From:    John Cowan <[log in to unmask]>
> Thomas R. Wier scripsit:
> > He did indeed.  Which just goes to show that number agreement in
> > English cannot be purely determined based on either semantics or
> > morphology, since more recent American English has changed in this
> > respect.
> I don't think this counts as evidence: the behavior of proper names is
> always going to be lexically idiosyncratic, because some features are
> sealed off whereas others bubble up. [...]

Okay, so then how do you account for the count/mass noun distinction,
or pluralia tanta?  In English, there is no way to predict why, e.g.,
"lettuce" is a mass noun and "scissors" are pluralia tantum, but
something like "army" is countable and has both singular and plural
forms.  The "United States is" is just part of a larger phenomenon,
and happens to be proper as well.

> > It's possible that all lexical items may simply lexically
> > specify what "number" they are, and failure to agree is simply a
> > feature-clash, i.e., there is no trigger or controller of agreement.
> That strikes me as wildly unlikely, unless you want to say that the
> head of "dogs" is "-s".

Ah, but you're assuming that morphemes have independent existence!
There are quite a number of morphologists that would disagree with
that claim (Anderson, e.g.). Anyways, there are also people who
believe in morphemes who would say something very much like -s is
the head of "dogs", since the features of -s override whatever
features "dog-" may have.

(An analogous question:  is "the" the head of the NP "the dog"?
Many, perhaps most, syntacticians now seem to think so.)

>  To my mind, claiming that American (at least)
> English doesn't have syntactic agreement in number is like claiming that
> it has grammatical gender on the grounds that ships, bells, countries
> (sometimes), and a few other inanimates are called "she".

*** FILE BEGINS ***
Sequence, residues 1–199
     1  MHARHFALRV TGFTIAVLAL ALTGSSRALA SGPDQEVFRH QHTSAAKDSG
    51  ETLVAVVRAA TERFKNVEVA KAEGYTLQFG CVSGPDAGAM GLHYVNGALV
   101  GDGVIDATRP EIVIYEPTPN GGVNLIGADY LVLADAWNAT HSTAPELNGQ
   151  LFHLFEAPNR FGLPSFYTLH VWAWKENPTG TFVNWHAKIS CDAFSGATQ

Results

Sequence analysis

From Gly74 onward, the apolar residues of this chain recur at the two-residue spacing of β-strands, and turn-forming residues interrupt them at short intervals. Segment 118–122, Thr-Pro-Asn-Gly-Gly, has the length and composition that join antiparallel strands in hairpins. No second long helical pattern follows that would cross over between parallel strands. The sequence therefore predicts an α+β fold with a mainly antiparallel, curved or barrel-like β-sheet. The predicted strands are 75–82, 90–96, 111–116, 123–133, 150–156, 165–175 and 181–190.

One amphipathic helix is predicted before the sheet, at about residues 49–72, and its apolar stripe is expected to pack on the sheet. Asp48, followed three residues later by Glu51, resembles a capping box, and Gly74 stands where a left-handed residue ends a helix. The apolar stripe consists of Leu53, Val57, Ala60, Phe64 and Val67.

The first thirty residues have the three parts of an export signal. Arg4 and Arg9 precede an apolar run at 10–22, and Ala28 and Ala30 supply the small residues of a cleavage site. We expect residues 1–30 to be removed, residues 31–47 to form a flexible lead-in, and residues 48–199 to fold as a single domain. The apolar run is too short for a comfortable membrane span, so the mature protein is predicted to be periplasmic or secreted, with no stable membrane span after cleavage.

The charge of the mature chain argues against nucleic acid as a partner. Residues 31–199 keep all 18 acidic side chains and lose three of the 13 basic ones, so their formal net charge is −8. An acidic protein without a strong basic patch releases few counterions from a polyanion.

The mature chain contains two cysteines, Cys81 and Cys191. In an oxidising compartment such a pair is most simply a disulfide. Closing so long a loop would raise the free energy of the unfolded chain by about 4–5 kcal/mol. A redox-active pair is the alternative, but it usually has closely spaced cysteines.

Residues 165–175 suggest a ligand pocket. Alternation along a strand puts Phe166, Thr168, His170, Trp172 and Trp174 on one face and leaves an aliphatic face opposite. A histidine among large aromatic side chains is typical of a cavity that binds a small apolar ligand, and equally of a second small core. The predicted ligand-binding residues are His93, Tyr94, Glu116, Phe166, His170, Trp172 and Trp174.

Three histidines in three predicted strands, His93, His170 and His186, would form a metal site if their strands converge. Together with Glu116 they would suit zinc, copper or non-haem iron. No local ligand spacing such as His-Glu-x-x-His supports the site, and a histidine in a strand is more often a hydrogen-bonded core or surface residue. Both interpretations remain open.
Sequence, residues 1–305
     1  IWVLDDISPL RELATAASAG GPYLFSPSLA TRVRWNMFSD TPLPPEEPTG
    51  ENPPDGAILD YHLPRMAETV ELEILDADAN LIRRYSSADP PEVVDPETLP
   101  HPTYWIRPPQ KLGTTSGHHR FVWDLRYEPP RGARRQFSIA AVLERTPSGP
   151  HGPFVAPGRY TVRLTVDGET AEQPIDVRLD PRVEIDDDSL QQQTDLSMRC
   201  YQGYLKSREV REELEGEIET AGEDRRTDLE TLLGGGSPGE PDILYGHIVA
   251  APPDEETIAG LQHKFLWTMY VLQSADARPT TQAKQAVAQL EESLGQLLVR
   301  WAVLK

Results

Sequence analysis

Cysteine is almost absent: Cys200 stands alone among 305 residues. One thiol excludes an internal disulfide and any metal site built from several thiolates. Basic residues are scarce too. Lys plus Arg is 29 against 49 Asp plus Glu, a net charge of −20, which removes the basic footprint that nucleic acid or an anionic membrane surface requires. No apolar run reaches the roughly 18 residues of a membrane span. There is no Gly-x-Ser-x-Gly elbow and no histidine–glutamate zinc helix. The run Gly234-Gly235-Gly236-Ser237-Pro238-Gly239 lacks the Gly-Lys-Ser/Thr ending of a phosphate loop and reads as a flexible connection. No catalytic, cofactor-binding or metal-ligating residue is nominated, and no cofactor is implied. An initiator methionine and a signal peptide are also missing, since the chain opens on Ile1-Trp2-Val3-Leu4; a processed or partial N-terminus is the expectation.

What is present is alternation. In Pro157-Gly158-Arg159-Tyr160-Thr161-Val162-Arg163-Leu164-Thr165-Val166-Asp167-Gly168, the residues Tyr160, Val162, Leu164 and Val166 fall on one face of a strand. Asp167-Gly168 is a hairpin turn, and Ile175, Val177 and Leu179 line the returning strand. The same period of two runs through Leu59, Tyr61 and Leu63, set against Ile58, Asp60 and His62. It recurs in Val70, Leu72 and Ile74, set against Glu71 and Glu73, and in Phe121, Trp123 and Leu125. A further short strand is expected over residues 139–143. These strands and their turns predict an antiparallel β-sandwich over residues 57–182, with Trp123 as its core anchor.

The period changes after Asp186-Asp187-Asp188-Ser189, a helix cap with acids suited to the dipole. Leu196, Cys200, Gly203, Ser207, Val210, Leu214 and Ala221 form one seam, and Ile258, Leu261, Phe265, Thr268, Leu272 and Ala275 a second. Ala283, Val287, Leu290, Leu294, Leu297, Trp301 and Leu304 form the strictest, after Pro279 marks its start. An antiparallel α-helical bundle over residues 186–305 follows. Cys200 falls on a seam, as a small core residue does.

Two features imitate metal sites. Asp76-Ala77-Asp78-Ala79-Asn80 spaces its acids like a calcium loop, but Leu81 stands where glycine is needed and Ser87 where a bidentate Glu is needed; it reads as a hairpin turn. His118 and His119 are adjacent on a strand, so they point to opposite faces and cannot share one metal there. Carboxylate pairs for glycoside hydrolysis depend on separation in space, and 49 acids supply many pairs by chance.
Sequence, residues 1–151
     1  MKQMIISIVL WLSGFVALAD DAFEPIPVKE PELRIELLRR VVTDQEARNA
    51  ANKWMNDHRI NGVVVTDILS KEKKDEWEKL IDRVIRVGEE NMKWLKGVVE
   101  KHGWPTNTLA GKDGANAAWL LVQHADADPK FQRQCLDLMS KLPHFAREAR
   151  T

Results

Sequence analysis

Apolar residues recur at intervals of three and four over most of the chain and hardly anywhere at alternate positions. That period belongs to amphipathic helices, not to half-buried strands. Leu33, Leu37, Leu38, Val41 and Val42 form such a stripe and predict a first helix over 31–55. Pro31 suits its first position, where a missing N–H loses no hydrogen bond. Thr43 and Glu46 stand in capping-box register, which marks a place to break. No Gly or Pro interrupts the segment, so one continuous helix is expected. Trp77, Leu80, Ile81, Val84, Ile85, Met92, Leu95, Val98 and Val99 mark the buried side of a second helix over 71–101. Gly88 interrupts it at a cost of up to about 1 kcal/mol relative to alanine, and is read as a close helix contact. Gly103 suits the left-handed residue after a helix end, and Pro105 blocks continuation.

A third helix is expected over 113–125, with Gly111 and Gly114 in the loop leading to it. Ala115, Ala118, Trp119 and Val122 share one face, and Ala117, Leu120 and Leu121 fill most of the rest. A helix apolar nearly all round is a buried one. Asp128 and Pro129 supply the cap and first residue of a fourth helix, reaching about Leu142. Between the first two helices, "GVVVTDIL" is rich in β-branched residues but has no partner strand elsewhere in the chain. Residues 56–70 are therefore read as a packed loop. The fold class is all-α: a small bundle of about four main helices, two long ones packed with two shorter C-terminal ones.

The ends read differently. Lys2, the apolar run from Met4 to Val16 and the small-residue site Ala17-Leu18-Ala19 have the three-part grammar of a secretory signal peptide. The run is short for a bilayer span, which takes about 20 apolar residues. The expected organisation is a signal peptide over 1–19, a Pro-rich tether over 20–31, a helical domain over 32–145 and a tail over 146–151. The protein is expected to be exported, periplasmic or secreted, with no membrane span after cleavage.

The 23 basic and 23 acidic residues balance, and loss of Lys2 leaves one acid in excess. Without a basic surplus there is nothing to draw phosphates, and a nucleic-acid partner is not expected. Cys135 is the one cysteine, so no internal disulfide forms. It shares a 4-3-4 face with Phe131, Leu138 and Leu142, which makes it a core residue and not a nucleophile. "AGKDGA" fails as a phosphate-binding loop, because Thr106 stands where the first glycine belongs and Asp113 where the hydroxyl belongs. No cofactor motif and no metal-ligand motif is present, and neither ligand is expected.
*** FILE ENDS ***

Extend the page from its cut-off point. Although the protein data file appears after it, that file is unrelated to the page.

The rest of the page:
But I wasn't saying that Am. English doesn't have syntactic agreement --
indeed, quite the opposite.  My point (which was really more speculative
than assertive) relied on a different conception of the role of syntax
than is commonly supposed, one which is monostratal, i.e., all modules
generate structures simultaneously, and constraints serve to weed out
contradictions. So, if all nouns are lexically marked for number,
singular or plural, and are not actually assigned such by the syntax,
then agreement is reduced to insisting on "coherence" (to use an LFG
turn of phrase).  As the tree-structure is built up from the lexical
entries, at each node a unification of features occurs, which percolates
up to a yet higher node. Grammaticality (or the lack thereof) depends
on whether clashes occur at any level.

So, getting back to the "United States is", a view of grammar such as
that which I outlined above would unify English dialects.  The difference
of dialect between British English and American English would be localized
in the lexicon, which would have a different rule mapping the properties
of formal semantic or conceptual structures with morphological structure
that produces new lexical items.  The kind of generalization that you
want produced by the syntax would be captured in this kind of interface,
but with different modules.  (Syntax would still be involved, since it
would still have to govern whether features clash or not. It just wouldn't
actually determine those features.)

Thomas Wier	       "I find it useful to meet my subjects personally,
Dept. of Linguistics    because our secret police don't get it right
University of Chicago   half the time." -- octogenarian Sheikh Zayed of
1010 E. 59th Street     Abu Dhabi, to a French reporter.
Chicago, IL 60637